Thursday, June 12, 2014


At the retreat, we enjoyed a breakout session on boundaries led by yours truly. And while an hour is not nearly enough time on such an important topic, it was a start.

For me personally, boundaries have been a struggle over the years. I don't feel like I got a good grasp on them growing up at home. I certainly didn't know how to draw lines in high school or college. It was only after I got out and away on my own that I really started realizing that I was in charge of myself. No one else was going to take care of me. It was hard when I started saying 'no' and doing my own thing. But it has been well worth it.

So where do boundaries come from? and how do we learn them? According to the book Boundaries (Cloud and Townsend, 1992) that I referenced in the breakout session, the very foundation of our boundaries is actually rooted in bonding. According to Maslow's hierarchy of needs theory, individuals need to belong. The need is so strong, in fact, that we see it in children who continue to cling to parents who abuse them.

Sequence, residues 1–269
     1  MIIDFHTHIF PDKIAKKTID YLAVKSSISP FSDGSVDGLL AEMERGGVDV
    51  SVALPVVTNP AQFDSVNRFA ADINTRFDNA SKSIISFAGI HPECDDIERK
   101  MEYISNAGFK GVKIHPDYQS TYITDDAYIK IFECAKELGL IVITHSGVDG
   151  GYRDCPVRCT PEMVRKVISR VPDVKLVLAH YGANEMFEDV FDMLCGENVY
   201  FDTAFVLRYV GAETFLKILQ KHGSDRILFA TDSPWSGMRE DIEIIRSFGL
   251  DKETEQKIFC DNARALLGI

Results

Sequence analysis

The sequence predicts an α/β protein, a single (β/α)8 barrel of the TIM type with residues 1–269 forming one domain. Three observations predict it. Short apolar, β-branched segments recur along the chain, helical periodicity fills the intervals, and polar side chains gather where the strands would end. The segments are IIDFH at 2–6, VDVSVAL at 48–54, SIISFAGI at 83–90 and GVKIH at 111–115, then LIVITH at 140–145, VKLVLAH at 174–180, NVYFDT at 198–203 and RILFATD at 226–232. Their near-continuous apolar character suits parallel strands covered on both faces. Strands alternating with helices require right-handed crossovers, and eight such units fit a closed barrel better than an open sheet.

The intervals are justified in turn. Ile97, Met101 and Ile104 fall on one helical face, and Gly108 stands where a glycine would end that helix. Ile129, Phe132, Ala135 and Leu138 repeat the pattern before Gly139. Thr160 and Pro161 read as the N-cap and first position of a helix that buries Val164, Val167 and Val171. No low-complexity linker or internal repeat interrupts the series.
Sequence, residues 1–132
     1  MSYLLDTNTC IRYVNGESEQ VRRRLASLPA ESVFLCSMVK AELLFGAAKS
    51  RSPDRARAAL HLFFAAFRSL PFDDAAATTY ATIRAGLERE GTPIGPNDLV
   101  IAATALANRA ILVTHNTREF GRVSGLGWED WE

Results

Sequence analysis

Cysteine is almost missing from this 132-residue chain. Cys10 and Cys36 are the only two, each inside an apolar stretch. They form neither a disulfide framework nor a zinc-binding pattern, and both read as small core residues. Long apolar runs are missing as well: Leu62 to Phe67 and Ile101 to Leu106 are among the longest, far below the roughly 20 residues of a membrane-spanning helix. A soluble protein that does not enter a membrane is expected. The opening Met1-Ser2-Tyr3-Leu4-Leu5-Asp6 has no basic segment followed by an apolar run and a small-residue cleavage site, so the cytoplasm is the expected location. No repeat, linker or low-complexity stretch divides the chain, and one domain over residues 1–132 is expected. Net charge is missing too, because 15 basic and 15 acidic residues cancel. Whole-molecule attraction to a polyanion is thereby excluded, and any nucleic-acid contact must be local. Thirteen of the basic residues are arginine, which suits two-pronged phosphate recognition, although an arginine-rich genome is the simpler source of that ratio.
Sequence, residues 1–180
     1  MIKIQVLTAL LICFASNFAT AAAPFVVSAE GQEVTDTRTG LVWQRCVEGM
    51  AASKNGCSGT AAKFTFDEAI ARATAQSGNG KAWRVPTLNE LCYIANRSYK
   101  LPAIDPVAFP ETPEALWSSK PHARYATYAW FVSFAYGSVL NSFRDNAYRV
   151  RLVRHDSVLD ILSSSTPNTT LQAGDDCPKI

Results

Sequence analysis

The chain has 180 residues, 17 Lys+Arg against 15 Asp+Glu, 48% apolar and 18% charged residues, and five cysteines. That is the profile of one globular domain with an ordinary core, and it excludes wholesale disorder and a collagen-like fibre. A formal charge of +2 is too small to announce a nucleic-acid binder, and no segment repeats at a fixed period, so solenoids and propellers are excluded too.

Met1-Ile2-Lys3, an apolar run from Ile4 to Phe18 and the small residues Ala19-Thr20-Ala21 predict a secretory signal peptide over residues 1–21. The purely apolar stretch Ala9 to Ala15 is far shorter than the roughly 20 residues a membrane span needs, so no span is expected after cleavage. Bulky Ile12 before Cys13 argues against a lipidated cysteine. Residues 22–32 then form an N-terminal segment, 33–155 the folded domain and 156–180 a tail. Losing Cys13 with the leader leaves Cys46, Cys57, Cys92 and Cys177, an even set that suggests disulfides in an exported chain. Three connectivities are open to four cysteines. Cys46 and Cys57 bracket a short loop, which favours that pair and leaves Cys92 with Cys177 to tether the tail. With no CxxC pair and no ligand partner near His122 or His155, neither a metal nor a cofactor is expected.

God created us for connection. And many times when we draw a boundary, it can feel as though we are being 'mean' when in fact we are simply caring for ourselves. In order to have good boundaries, we need to have strong, healthy relationships that will support us in our quest for health. So stated simply, we cannot develop or set boundaries apart from supportive relationships with God and others.

So I challenge you to think through your family and friends. Who among those is truly supportive of your need to develop and maintain boundaries? Who among those is dead set on getting their way and making you do what they want you to do? Starting to recognize the difference is the first step towards change.

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